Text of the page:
And then there’s mom…

I don’t even know how to help her. I can’t tell her everything’s going to be alright. I can’t say to her tomorrow will be another day, and she’s still got her family right here. Dad’s gone. His support meant everything to her. He’s been her best friend, her confidant, and her true love.

I’m struggling to be there for her. What do you do when you have to take care of your own mother? How do you lift up the person who’s job is to take care of you?

I tried to remind her of what’s important. Her family. Her grandkids. All the little things we still need her for.

We headed back to the house for a small wake, which most involved us sitting around the table and reminiscing.

Sidney and Aaron were watched over by a babysitter while we were gone, and I could tell Mira was relieved when her son toddled over to her. Kids are good for a pick-me-up.

Mom didn’t seem to respond to anyone for a while. She looked lost in her own world. No one touched the food she’d made, but after a while the stories started.

Lance told us dad had tried to teach him the quickest way to deal with bullies: a jab to the stomach or a punch to the nose. Even mom hadn’t heard this one. He joked that he’d never had the confidence to pull it off, but Mira was more than happy to scrap for him.

Mira at least managed to look embarrassed about that. She said she always knew she was her father’s daughter, something I’m not sure I’d ever heard her say before. Maybe a little Rais lives on.

And after a while, even mom joined in, reminding us about their adventures together. She told us again the story about how a text from Zoe sent them off to the Romance Festival in San Myshuno, and their quick and dirty marriage. It’s the reason we keep going back, she said. It’s their place.

Our little party started to fade. Trillian pulled Summer aside and offered her condolences one last time, promising babysitting duty anytime we needed it. Lance kissed mom on the cheek and promised he’d come around again soon. He needed to get to know his nephews anyway.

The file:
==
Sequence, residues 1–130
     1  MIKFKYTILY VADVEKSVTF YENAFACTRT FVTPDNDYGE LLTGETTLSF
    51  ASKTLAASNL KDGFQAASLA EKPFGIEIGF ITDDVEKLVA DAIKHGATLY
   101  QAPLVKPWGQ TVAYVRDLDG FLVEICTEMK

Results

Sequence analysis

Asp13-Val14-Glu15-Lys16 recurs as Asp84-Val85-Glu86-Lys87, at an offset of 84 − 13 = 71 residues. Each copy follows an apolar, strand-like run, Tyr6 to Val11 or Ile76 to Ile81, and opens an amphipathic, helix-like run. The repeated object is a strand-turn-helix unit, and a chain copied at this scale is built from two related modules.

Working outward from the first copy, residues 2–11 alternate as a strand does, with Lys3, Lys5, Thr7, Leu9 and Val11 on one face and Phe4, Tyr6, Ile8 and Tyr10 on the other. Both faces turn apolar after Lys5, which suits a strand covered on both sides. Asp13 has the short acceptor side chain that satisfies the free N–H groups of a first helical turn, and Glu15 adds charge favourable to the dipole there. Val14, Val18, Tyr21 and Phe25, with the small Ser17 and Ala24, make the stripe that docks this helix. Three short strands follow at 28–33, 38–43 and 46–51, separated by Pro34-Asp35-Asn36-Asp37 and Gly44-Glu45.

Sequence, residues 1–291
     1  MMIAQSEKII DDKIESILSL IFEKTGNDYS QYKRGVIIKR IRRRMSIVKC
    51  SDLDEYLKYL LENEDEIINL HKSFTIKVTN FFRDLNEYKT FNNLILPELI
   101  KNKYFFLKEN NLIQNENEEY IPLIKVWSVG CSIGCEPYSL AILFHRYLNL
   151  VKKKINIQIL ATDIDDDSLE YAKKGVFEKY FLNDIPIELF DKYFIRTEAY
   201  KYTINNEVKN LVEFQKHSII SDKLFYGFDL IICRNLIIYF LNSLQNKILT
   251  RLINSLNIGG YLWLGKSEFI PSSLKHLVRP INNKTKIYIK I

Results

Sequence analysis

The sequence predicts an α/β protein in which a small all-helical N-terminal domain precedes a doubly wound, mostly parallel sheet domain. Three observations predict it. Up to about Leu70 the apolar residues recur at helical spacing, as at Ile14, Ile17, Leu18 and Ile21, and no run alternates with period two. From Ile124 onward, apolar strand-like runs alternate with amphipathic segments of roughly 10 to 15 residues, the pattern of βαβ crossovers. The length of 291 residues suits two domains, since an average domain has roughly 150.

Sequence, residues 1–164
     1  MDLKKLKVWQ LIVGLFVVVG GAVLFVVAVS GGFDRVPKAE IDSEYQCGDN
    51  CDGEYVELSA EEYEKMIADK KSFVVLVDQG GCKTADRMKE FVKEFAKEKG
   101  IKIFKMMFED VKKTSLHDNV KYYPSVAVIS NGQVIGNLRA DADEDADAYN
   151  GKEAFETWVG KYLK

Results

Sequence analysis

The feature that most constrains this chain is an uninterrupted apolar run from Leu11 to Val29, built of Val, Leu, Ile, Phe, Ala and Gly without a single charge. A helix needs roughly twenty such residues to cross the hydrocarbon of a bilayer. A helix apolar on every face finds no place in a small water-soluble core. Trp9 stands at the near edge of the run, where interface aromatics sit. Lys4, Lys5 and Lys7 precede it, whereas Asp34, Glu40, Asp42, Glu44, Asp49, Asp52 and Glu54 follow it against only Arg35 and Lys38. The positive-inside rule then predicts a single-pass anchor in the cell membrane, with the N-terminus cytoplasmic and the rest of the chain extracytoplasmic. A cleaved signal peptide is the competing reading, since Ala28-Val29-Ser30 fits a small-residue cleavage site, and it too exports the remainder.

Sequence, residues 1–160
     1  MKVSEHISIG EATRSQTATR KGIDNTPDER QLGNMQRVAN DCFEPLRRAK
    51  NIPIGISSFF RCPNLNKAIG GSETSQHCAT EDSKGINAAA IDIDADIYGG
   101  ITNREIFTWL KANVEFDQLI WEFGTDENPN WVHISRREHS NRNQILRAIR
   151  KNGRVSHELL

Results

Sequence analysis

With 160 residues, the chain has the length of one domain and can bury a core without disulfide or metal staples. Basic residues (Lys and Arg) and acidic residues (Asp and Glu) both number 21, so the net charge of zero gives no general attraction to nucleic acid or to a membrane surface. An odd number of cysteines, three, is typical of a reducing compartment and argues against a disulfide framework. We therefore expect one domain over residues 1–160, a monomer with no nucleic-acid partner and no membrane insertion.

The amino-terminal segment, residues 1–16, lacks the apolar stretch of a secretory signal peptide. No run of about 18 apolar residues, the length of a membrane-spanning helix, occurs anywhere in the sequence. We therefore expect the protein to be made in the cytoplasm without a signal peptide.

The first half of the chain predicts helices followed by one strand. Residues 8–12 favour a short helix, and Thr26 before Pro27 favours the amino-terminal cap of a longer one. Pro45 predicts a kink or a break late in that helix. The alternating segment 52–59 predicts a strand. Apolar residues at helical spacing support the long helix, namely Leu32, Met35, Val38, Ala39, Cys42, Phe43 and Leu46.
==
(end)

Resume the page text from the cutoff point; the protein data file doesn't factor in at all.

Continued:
Jarred and Seema left last, and I was surprised when he stopped to comfort mom some more. I didn’t think the two of them had ever really clicked, but he told her they were only a few blocks away, and nothing was too small for them to come over. Seema squeezed Summer’s hand and hugged me goodbye.

Today was a tragedy, but it was softened somewhat. We have good people looking out for us.

2.43 Aaron

I can’t believe how fast time is moving.

Summer’s pregnancy flew by, and we announced our little boy Aaron. Summer wanted a home birth, and I was surprised at how easy it was. She’s had no issues at all, not even morning sickness, thank goodness. We’ve had so much support from mom and dad and Mira’s been working from home as much as she can to take care of Sidney and promises to help out where she can.

I thought I was prepared for a kid. I thought I knew how I’d feel, but it’s different when he’s right here in front of me. I hold him in my hands, and he’s this perfect thing, small and delicate, warm and sweet smelling, his little fingers grabbing and his little heart beating. I want to give him everything. I want to watch him grow, and I want him to stay like this forever.

Mom’s absolutely thrilled to have another grandkid. When she’s not playing with Sidney, she’s cooing over Aaron. Dad’s happy too, though he’s smaller in his enthusiasm.

It took a while to settle back in, but I’m going back to work now. I hate coming home so late, but our different schedules will help when Aaron’s a toddler. I’m trying to learn to cook from mom too, and I spend a few nights a week testing out recipes.

Dad sat down with me. He’s used to staying up late, and I think he wanted to see how I was doing.

“Panicking yet?” he asked.

I laughed. “I’m still getting used to it.”

He picked up his fork, scraping the last of the leftovers across the plate. “I remember when you were born. I had a crisis over the whole thing. My job at the time was–well, it wasn’t easy, getting by like that. And getting paid peanuts for it. We barely had a house but we had you.”

I got quiet. Mom and dad don’t talk a lot about what they went through when they split for that short time. They seem happier pretending it didn’t happen. Sometimes I look at the old photos mom keeps around, and it feels like I’m looking at an alternate world altogether. It made me realize my whole life was changing.

“It’s scary,” he said, smiling at me. “But it’s worth it. Every second of drama, of pain, of stress, it all leads to this right here. I’m looking at my son with a kid of his own. And I know he’ll give you hell.”

My chest was tight. No one in this family was shy about affection, but dad always showed his in different ways. This was the first time I’d really felt he was proud of me.

“It won’t be the last one,” I said, forcing a laugh. “Summer wants three more.”

“Your mom would’ve had eight kids if I’d let her get away with it.” He stood slowly, collecting the empty plates. He moved slower in his old age, but he’d never lost his strength. He still trained with Mira on occasions, and he still went for his daily jog around the neighborhood. Sometimes it seemed like dad was invincible.

I followed him into the kitchen.

“If my kids are anything like the twins, I’ve got a lot to look out for,” I said.

He gave me a look. “You were a little hellraiser too, don’t forget. It’s a journey every child must take. From loving offspring to belligerent teen.”

“No one can be worse than Mira,” I said.